Image: Tom Pietrasik
Kate Pietrasik, founder and designer at unisex children’s clothing brand Tootsa MacGinty. She talks single-handed parenting, relocations and starting a business from scratch, with a baby in tow
I suppose I’ve always been a bit of an adventurer. When I was 17, I took off to Australia in search of something different. I had grown up in north London, but moved to Scotland with my family when I was a teenager. The sun and surfing in Australia was certainly different to life in Edinburgh. I loved it. I also found a little niche in Byron Bay, and set up a café selling organic food and juices. It’s funny to think now, but it didn’t seem hard at the time: I suppose I had plenty of energy and not much fear of failure. Soon, though, I decided I wanted to continue with my studies, so sold my shares in the restaurant (which is still going!) and did an Art and Design degree, first in Australia, then at the Pratt Institute in New York.
After graduating, I spent a year in New York, and moved to France. I was designing for surfwear brands at that point, and as a freelance, travelled a lot. I held a senior design position in a company in Amsterdam, and the rest of the time was living in France by the sea. It really felt like the ideal situation. In 2008, I was delighted to discover that I was pregnant with my daughter Ruby. I worked right up until I gave birth – in fact, I was still working on the day she was born. I remember one of my clients calling when I was in hospital. I told them I was in the middle of working on “another project” (neglecting to mention it was a baby), so I wasn’t in the office.
The thing is, if you are an employee in France you are really looked after when you have a baby. But being self-employed in France means forfeiting the rights to certain state support including maternity leave. I had to keep working right through the early months – I have a lot of memories of breastfeeding with one hand, and working with the other.
Although work was going OK, things were difficult with my partner, and we separated when Ruby was eight months old. I headed back to the UK to be closer to my family. It was a tricky time in lots of ways. I couldn’t travel for work now that I was a single parent with a small baby to care for, and it was just around the time of the financial crash. I had worked for companies in the UK, so thought I could get a job, but that turned out to be very tricky, because people just weren’t hiring. Suddenly, as a single mother, I found myself at home – a lot. Having been used to such a busy life, I was getting a bit bored, too.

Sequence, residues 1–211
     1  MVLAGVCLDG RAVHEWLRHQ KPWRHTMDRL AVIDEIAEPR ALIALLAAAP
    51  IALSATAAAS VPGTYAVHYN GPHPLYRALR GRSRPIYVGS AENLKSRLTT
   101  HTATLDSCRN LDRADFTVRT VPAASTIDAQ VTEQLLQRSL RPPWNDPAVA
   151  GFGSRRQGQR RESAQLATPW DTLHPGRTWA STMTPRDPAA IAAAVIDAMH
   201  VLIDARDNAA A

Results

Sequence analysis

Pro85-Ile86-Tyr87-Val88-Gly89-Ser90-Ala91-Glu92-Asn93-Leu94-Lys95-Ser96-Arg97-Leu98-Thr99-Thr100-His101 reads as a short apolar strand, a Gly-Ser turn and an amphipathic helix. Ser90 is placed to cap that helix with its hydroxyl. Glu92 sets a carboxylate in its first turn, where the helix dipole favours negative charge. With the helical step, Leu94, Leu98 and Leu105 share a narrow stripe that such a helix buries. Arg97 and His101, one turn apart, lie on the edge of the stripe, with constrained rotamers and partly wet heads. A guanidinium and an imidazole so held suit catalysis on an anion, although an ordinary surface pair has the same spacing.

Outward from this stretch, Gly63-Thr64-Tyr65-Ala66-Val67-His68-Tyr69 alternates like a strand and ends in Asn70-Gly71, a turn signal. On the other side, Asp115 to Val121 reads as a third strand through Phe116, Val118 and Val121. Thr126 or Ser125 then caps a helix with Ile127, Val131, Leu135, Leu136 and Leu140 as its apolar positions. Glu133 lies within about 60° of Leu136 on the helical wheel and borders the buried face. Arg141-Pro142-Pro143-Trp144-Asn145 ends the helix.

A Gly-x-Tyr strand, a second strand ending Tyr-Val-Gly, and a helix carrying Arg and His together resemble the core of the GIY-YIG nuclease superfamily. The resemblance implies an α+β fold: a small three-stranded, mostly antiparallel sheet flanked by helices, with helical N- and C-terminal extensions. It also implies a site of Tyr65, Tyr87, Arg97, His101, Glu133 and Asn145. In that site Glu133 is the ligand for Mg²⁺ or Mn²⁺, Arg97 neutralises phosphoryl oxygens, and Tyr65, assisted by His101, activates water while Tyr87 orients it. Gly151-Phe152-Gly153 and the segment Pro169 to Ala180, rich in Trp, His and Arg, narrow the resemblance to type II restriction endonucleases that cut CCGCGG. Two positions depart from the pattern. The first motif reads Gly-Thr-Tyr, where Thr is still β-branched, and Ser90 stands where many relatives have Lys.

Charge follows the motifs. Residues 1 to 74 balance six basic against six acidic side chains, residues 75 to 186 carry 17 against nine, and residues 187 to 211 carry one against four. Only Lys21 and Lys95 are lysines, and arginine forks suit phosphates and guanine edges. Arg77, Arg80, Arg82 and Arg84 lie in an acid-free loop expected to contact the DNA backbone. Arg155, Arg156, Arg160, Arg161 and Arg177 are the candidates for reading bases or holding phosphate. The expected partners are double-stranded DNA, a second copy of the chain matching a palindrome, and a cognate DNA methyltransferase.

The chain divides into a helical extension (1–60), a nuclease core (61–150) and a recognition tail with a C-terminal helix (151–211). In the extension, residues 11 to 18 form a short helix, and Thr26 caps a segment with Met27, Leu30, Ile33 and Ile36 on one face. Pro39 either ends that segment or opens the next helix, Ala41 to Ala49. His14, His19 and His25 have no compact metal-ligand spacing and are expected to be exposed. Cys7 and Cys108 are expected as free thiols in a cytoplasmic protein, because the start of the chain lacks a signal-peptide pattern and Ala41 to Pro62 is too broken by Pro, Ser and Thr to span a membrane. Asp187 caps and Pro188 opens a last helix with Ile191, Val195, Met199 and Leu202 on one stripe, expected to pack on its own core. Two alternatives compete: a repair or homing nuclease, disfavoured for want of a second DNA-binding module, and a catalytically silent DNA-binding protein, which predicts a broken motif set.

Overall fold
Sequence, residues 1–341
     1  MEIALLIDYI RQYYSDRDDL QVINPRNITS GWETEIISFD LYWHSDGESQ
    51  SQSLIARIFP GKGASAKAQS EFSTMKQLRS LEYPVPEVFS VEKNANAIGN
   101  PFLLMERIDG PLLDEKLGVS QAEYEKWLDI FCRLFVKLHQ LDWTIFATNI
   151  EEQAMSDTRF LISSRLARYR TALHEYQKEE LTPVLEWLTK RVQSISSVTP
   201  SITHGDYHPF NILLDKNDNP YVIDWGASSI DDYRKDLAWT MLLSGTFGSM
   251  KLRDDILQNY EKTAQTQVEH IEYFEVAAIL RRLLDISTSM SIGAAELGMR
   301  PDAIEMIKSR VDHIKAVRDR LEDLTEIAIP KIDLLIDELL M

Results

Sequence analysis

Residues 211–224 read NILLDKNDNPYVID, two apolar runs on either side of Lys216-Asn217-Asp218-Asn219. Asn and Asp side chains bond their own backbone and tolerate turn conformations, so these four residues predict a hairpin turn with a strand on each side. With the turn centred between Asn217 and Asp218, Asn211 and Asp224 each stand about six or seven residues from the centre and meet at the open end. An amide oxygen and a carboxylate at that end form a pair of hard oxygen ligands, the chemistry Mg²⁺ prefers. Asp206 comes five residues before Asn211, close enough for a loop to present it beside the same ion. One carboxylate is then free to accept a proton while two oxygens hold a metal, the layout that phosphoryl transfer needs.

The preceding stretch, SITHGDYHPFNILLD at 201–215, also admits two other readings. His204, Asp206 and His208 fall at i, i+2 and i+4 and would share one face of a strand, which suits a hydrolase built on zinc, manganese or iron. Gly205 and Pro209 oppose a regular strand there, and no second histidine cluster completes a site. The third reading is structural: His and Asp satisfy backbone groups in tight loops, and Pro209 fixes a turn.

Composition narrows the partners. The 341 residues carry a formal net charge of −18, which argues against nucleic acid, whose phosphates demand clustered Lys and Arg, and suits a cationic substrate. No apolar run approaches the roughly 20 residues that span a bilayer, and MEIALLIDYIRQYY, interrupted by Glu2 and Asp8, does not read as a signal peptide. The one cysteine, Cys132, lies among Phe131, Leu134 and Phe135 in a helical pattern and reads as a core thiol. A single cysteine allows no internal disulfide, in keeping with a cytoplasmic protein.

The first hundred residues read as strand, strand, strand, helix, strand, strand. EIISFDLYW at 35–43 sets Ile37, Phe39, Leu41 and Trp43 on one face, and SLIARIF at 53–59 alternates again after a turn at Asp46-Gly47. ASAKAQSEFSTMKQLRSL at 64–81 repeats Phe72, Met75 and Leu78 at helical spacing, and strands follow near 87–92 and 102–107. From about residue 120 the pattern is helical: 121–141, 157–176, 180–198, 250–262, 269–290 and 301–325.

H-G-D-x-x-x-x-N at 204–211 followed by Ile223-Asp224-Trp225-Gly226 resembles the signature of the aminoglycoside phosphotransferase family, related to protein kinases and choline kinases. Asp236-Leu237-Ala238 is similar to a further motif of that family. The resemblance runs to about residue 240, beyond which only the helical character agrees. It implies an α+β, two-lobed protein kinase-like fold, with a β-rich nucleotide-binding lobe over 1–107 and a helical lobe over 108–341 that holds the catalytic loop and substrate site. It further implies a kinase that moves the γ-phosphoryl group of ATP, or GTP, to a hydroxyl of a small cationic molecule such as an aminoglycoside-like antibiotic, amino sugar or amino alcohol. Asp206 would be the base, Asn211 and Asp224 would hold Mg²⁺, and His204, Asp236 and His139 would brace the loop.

Part of my drive was the boredom of being a single parent – but I had a lot of enthusiasm for the work too

It was when I was shopping for baby clothes that I had the idea to start my own brand. All the gendered aisles were pretty shocking: I hadn’t noticed it before having my own child. Ideas began to spark, and I decided to design a unisex clothing line. Just at the right time, I bumped into a friend from France who is a product manager. She set the ball rolling with the manufacturers I used to work with. My design history really helped, because I already had the contacts. I don’t think I’d have been able to do it if I hadn’t had a trusting relationship with the factories that I’d used already – they need to have confidence in who they’re working with. It was important to me, too, to use the factories in Portugal that I knew would produce good quality clothes in fair circumstances.
Before I knew it, in 2011, I launched my brand at a trade show in London. Ruby was a year and a half old, and it was only six months after having the idea. I called it Tootsa MacGinty because that was the nickname Ruby’s dad gave her when she was born – he’s Scottish – and it was a name that holds great fondness.
At the trade show, I had absolutely no expectations. None. I was convinced somebody else would be launching a unisex childrenswear brand there too. Slowly it began to dawn on me that, aside from one other brand that was touching on what I was doing, other people weren’t actually doing it. My clothes were unusual. So many people came to my stand to say saying how refreshing it was to see, and what a new concept unisex was, that I started to realise I was onto something.